NPM-ALK: The Prototypic Member of a Family of Oncogenic Fusion Tyrosine Kinases

Department of Medical Microbiology and Immunology, University of Alberta, Edmonton, AB, Canada T6G 2E1.
Journal of signal transduction 07/2012; 2012:123253. DOI: 10.1155/2012/123253
Source: PubMed


Anaplastic lymphoma kinase (ALK) was first identified in 1994 with the discovery that the gene encoding for this kinase was involved in the t(2;5)(p23;q35) chromosomal translocation observed in a subset of anaplastic large cell lymphoma (ALCL). The NPM-ALK fusion protein generated by this translocation is a constitutively active tyrosine kinase, and much research has focused on characterizing the signalling pathways and cellular activities this oncoprotein regulates in ALCL. We now know about the existence of nearly 20 distinct ALK translocation partners, and the fusion proteins resulting from these translocations play a critical role in the pathogenesis of a variety of cancers including subsets of large B-cell lymphomas, nonsmall cell lung carcinomas, and inflammatory myofibroblastic tumours. Moreover, the inhibition of ALK has been shown to be an effective treatment strategy in some of these malignancies. In this paper we will highlight malignancies where ALK translocations have been identified and discuss why ALK fusion proteins are constitutively active tyrosine kinases. Finally, using ALCL as an example, we will examine three key signalling pathways activated by NPM-ALK that contribute to proliferation and survival in ALCL.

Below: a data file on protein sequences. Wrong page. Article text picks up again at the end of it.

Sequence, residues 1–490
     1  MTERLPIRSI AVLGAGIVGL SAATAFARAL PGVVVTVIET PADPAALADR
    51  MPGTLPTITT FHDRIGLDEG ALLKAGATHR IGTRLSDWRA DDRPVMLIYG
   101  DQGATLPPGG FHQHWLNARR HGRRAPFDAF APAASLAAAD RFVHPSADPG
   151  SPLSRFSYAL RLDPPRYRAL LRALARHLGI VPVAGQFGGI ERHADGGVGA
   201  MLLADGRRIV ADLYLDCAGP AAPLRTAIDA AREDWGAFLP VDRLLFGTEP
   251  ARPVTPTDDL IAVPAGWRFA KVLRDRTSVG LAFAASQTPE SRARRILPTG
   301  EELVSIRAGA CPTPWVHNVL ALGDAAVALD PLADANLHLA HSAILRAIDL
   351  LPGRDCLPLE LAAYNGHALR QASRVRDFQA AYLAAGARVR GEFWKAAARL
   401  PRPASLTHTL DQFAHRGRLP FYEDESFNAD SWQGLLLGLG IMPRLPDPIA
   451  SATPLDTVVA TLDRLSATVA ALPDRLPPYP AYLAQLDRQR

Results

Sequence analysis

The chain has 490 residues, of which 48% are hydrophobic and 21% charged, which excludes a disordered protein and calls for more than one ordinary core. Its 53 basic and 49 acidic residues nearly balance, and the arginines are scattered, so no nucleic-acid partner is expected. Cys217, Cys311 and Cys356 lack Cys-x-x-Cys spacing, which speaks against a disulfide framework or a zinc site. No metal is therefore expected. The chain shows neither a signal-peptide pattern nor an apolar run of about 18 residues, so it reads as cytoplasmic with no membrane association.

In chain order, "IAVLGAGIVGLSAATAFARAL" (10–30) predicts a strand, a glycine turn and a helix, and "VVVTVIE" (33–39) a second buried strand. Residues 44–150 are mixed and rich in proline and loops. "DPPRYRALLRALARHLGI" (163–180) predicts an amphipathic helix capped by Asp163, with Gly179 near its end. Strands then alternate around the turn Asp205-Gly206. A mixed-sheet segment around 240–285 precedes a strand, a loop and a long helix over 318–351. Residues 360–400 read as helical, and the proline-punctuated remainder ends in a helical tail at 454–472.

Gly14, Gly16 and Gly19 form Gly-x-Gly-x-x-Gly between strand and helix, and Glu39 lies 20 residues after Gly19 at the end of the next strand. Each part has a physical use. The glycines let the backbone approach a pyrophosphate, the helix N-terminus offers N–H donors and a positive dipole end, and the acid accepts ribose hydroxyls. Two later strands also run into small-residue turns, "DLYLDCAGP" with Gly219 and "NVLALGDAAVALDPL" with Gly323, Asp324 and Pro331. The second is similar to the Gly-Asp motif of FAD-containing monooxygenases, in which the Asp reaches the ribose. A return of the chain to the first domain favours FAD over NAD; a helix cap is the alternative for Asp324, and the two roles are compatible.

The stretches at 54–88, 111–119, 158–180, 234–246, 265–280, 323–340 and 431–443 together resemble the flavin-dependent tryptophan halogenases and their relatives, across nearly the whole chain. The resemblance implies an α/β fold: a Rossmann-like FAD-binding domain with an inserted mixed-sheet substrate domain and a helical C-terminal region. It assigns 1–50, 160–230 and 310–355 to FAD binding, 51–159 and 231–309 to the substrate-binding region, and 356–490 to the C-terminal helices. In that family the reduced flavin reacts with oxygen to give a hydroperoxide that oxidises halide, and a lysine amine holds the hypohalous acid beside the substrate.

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Available from: Jason K. H. Lee, Apr 13, 2015
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